Nicholas on Keough, 'The Slender Thread: Irish Women on the Southern Avalon, 1750-1860'

Willeen G. Keough
Jane Nicholas

Willeen G. Keough. The Slender Thread: Irish Women on the Southern Avalon, 1750-1860. New York: Columbia University Press, 2008. xiv + 542 pp. $60.00 (cloth), ISBN 978-0-231-13202-2; (e-book), ISBN 978-0-231-50693-9.

Reviewed by Jane Nicholas (Lakehead University) Published on H-Women (June, 2009) Commissioned by Holly S. Hurlburt

Irish Women

The Slender Thread explores the lives of Irish plebeian women on Newfoundland’s southern Avalon Peninsula from 1750 to1860.  Working from a wide range of sources, Willeen G. Keough pieces together important aspects of these women’s lives from work to the regulation of sexuality with a careful consideration of expressions of agency.  Situated at a critical juncture between different streams in the historiography, Keough’s book adds to the history of the Irish diaspora, the colonial history of Newfoundland, and women’s history.  I have focused my review on her contribution to women's history given my own area and the shared interests of this listserv.  Other reviewers will, no doubt, be better able to comment on Keough’s contributions to different areas. 

Keough’s book is an excellent addition to women’s history, and she has done an enormous amount of meticulous research that has yielded many important insights.  Piecing together diverse sources, like parish records, newspapers, diaries, court cases, census reports, missionary reports, and commercial account books, the author has uncovered the lives of women who were often marginalized in records and subsequent histories.  In addition to documentary evidence, Keough has skillfully interwoven the local oral tradition into her narrative.  As she recounts in the book, that oral tradition hinged on male-centered narratives that frequently began “Two brothers came from Ireland or England” (p. 2).  Working to provide a corrective to this idea, which had been mirrored in the academic literature to date, Keough manages to uncover the richness of these women's lives and their social and economic contributions.  The result is a fascinating and highly readable book, which deals with a wide range of topics, including migration, work, family and community, justice, and sexuality, that will be of interest to a wide range of scholars and will be useful in both undergraduate and graduate courses in women’s history.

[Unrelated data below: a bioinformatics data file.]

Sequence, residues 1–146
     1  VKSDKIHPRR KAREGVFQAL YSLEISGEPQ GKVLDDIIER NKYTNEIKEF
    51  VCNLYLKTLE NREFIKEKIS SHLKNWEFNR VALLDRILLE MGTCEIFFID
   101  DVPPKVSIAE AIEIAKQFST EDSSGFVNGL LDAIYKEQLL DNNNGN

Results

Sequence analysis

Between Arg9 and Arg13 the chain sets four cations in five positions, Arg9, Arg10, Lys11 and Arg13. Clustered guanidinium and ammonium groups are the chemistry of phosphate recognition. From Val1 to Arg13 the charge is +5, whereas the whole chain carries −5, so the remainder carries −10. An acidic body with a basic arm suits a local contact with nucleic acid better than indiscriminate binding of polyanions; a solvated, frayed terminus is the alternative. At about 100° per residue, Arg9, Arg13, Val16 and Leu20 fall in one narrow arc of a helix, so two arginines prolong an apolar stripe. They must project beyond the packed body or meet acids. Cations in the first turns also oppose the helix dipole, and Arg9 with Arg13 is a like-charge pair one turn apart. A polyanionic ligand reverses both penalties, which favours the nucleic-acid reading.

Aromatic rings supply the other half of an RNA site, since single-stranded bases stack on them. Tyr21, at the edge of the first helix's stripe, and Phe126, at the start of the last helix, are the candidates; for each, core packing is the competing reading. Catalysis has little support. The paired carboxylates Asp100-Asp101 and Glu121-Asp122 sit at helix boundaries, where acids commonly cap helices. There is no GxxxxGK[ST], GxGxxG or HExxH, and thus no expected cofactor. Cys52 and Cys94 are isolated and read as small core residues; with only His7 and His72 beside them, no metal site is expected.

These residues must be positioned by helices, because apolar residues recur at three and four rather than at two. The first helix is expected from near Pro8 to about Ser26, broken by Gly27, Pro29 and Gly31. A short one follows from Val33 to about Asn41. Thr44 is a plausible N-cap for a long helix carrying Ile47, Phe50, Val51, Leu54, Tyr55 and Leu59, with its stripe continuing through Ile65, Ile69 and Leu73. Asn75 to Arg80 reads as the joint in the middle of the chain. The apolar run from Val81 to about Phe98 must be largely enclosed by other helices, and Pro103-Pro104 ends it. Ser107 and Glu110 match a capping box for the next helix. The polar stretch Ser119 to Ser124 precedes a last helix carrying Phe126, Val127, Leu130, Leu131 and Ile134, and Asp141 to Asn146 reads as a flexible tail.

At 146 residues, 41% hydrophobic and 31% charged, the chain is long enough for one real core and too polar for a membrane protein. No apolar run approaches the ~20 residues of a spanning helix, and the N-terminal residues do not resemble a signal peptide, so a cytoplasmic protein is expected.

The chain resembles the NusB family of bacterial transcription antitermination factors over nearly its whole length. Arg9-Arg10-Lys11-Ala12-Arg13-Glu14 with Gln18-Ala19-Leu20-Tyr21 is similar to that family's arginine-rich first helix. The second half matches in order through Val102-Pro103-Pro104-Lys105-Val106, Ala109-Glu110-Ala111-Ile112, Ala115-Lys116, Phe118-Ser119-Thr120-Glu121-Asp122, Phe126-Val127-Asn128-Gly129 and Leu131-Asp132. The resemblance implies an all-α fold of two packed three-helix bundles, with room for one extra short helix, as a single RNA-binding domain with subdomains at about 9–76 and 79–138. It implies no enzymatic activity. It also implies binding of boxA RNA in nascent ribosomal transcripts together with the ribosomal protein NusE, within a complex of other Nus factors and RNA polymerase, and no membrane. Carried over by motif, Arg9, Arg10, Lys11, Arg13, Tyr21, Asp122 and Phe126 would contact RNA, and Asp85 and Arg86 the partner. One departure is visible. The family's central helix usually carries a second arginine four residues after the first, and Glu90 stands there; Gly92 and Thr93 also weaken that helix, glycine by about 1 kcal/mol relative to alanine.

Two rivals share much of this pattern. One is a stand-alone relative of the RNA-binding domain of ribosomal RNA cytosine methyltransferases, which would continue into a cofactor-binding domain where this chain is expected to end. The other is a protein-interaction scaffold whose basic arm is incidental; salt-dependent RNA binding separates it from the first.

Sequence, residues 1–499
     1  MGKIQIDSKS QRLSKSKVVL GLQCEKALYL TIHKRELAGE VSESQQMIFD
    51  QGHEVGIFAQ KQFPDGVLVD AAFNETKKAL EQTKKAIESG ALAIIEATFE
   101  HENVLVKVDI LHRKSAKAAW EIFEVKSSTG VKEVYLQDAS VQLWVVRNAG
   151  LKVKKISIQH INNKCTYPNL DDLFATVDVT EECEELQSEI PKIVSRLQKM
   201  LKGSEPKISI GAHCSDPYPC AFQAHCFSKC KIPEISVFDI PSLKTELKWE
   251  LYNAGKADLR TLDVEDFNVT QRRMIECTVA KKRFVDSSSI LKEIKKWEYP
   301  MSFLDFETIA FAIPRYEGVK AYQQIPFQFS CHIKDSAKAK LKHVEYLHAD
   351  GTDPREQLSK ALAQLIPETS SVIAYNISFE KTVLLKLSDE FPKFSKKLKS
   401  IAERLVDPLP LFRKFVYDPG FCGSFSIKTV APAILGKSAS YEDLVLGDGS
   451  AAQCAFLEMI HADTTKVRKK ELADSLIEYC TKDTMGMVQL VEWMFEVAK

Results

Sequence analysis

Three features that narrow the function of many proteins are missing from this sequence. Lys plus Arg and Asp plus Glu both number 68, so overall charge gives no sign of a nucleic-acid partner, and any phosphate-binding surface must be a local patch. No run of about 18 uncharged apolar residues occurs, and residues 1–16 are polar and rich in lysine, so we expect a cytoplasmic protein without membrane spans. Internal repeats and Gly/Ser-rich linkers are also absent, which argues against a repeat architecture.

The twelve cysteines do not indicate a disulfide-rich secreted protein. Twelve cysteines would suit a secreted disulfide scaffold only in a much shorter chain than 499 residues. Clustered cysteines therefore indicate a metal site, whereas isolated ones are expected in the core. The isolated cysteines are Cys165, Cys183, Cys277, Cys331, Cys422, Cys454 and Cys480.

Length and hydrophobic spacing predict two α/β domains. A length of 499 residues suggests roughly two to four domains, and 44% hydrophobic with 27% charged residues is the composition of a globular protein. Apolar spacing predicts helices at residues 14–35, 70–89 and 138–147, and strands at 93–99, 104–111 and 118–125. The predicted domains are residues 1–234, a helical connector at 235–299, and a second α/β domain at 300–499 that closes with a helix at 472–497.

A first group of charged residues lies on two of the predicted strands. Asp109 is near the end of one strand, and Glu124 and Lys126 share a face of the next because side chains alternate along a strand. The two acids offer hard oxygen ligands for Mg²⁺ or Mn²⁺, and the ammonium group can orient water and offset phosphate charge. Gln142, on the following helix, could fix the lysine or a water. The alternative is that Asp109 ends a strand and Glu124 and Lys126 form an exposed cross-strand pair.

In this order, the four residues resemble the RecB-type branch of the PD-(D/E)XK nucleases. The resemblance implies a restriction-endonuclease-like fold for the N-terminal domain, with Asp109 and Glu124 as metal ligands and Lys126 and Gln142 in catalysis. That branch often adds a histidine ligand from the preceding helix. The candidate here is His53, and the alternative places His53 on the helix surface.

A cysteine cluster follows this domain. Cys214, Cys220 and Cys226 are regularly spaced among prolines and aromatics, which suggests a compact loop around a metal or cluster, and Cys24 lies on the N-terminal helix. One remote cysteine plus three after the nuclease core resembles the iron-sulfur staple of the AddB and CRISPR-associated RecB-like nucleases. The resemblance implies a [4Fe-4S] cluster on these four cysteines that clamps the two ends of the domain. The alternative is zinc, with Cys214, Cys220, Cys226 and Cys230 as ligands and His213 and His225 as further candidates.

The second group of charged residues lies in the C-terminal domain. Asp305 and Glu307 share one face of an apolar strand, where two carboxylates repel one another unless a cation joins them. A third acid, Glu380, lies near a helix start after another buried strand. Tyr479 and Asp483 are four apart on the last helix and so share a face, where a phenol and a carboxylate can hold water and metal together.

The Slender Thread begins with two chapters that outline the reasons for migration from Ireland to Newfoundland, the difficult journey that ensued, and migrants’ reception in the colony.  Chapter 2 is a short and at times speculative given the paucity of sources recording Irish plebeian women's experiences, but it provides an important overview of the existing tensions regarding race and religion that crossed the Atlantic.  Here, Keough carefully maintains a balance between highlighting the discursive constructions of femininity and the limited, but important, evidence of women’s actual lived experiences.  As Irish Catholics, these women were part of a community seen as problematic by British officials.  Shifts in eighteenth- and nineteenth-century British colonial policy from encouraging migratory fishery practices to supporting resident ones may have changed ideas about permanent settlement, but Irish migration remained a point of concern.  Keough notes that the reception of Irish immigrant women was shaped by existing discourses that held them as feckless, promiscuous, and morally and socially threatening.  As she aptly demonstrates in chapter 3, however, women were integral to community formation and economic production, which would establish an Irish colonial society on the Avalon Peninsula.  Through intermarriage, community formation, and production in the salt fish market in the early to mid-nineteenth century, women ensured the continuation of the Irish Catholic community and the transition to family production in the fisheries.